Last season, I made a bit of a stink over letting Filip Kuba walk. I’m not a huge fan of Kuba, and didn’t think for a moment that Ottawa should have matched the two year, $8MM contract Kuba eventually received from Florida. But his exit raised larger questions about consistency and reliability on the Ottawa blueline. Guys who can play 20 minutes a night don’t come along every day, and Kuba, while not flashy, was something of a proven commodity. We knew he complemented Karlsson well enough. It made sense to me to try and re-sign him.
Thankfully, the acquisition of Marc Methot made the debate a bit of a moot point. Methot not only stepped into Kuba’s shoes, he played tough minutes, and quite well, with and without Karlsson. Thank god that worked out, because Ottawa gave up a good young top six forward in Foligno to get Methot. Also thank god the loss of Kuba was further mitigated when Sergei Gonchar ate up minutes and carried the offensive torch for Karlsson while he recovered from a severed achilles tendon.
But Ottawa has entered another off-season allowing another veteran to walk to a team who opted to give out another expensive two year deal. Murray has to wonder where the cavalry is coming from this time. It’s those depth, second line guys who populate your system, and allow coaches to give their elite players space.
Karlsson will still play 30 minutes a night, if healthy. (Or even if he isn’t, as it’s suspected he was still recovering in the playoffs. It certainly looked like it at times.) But unless Murray turns to the free agent market, or gives up another prime asset in a trade, it seems like he’ll be leaning on Patrick Wiercioch to develop.
On the surface, Wiercioch had a strong season last year. 19 points and 5 goals in 42 games officially qualifies you as an offensive defenseman in my books. But this chart (which I saw in this Score blog post about Dion Phaneuf) caught my eye:
This is 5v5 usage for defensemen over 40 games this season, and check out that big blue dot in the lower right hand corner. Wiercioch received more offensive zone starts, and against weaker competition, than almost every other defenseman in the entire league. He was effective in that position (as evidenced by the size of that blue dot–he drove possession in that role), but what this chart demonstrates is that he isn’t going to be the kind of minute-eating, all-around guy that Gonchar and Kuba were. He’s a weapon to be used extremely selectively. It’s also why, despite his numbers, Wiercioch found himself scratched at times for players like Eric Gryba. Gryba won’t get you the points, but you can lean on him when the game suddenly shifts and you find yourself pinned in your own end.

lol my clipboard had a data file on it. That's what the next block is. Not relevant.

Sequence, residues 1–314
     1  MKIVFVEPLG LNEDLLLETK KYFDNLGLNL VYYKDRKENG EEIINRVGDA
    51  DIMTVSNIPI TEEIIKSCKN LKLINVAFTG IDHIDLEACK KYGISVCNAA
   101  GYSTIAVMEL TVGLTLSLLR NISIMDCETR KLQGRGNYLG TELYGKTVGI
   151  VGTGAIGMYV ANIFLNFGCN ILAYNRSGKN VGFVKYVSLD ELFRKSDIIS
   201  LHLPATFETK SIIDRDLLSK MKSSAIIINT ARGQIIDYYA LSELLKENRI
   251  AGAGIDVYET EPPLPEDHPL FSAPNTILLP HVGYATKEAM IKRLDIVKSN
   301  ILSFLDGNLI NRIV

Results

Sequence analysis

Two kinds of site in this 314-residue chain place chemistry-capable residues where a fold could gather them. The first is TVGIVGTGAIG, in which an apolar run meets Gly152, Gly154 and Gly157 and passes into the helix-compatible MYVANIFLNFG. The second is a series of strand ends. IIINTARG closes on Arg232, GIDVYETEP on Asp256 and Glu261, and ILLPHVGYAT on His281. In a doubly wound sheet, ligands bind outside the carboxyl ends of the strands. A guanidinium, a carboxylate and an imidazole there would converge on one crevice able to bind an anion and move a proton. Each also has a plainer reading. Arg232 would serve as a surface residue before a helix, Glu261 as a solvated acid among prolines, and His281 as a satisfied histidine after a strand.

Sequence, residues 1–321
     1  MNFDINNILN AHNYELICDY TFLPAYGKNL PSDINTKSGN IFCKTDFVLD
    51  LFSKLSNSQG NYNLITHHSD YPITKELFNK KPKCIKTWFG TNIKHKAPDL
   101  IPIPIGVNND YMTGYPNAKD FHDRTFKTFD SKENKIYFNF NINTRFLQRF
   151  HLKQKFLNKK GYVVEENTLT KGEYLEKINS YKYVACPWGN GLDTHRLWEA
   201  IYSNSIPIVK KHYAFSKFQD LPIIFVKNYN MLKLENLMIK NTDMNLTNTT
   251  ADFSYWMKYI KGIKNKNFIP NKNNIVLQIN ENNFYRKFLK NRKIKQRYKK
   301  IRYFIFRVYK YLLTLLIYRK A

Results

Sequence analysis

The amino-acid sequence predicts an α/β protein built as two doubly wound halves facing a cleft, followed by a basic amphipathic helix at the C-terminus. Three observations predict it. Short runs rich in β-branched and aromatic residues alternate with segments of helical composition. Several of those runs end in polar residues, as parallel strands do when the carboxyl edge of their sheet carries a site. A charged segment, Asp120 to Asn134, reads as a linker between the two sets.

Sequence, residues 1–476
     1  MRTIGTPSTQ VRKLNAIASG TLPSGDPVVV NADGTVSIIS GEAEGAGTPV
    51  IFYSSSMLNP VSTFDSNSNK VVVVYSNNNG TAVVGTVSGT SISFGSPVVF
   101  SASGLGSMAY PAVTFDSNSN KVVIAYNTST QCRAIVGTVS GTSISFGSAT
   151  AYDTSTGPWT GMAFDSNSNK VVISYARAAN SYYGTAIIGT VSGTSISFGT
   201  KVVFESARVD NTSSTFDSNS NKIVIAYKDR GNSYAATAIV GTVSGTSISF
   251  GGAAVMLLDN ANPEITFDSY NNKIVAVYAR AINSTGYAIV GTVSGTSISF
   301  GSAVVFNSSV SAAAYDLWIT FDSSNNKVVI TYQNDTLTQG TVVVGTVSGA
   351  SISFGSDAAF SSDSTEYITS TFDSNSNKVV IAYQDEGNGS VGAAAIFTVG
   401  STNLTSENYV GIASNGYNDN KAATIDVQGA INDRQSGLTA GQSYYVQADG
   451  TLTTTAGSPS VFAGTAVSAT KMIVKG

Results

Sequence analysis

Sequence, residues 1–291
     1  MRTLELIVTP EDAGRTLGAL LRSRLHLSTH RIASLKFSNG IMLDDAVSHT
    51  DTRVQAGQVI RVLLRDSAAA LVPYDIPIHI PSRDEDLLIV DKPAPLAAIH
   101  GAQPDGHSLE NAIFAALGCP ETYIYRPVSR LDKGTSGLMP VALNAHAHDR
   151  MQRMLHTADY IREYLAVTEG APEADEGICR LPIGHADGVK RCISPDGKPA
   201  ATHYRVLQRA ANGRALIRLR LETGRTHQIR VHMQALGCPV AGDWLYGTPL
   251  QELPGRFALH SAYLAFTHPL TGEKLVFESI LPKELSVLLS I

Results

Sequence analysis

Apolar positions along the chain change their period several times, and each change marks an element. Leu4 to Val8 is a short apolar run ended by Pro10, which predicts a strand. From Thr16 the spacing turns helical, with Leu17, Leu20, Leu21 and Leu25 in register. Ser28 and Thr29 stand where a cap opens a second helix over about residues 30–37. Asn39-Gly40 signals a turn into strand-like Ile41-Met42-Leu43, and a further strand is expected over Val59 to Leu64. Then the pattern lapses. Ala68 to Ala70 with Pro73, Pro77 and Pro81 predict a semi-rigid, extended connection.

The point being that while Wiercioch is good at what he does, and you want that kind of player at your disposal (it’s why Anton Babchuck keeps finding work), it’s not likely that in one season he’ll morph into the kind of defenseman Ottawa needs–a reliable second pairing player who is responsible defensively, can play quality minutes, and can also drive possession.
The solution might be a full season of Jared Cowen, though he lost a year of development and looked lost against Pittsburgh. (Not to draw conclusions from that about Cowen; the Pens are a good team.) But a quick glance at the UFA market for offensive defencemen shows it’s better than I thought.
There are higher profile guys like Tomas Kaberle, Ryan Whitney, or Ian White available, but none of them have had particularly good seasons of late, are clearly in decline, and will cost. A guy like Zidlicky or Scuderi can put up minutes, but will cost you a pretty penny. (Or 400 million pennies a year.) Which brings us to Grant Clitsome.
Clitsom put up decent numbers and possession metrics on a weak Winnipeg team playing about 16 minutes a night last season. He was on pace for about a 8-24-32 stat line if it had been a full season, which would have been a career high by far, and he was a +10 on a team that was bottom five in goals against. His shooting percentage (7.1%) wasn’t particularly out of line with his career average (6.5%). And he was affordable, playing out a two year, $2.5MM contract. At 28, he has a year or two left of prime output if you assume defensemen develop on a longer timeline than forwards.
Even if some regression is to be expected (it was a contract year), Clitsome is the kind of player I think Murray is hoping Wiercioch will develop into–a player who can put up points and play in both ends of the rink. If you only look at offensive zone starts, though, where Clitsome had a 49.4% to Wiercioch’s 62.7%, Patty has a long way to go.
Next season is going to be interesting. Improving on making the playoffs and winning a round by hoping Karlsson will continue to be a wizard and injured players will stay healthy seems naive. Hoping that the addition of another scoring winger will be enough, especially if we lose Alfredsson, also seems naive. It’s going to be those hidden gems that allow the Senators to keep taking the rest of the league by surprise.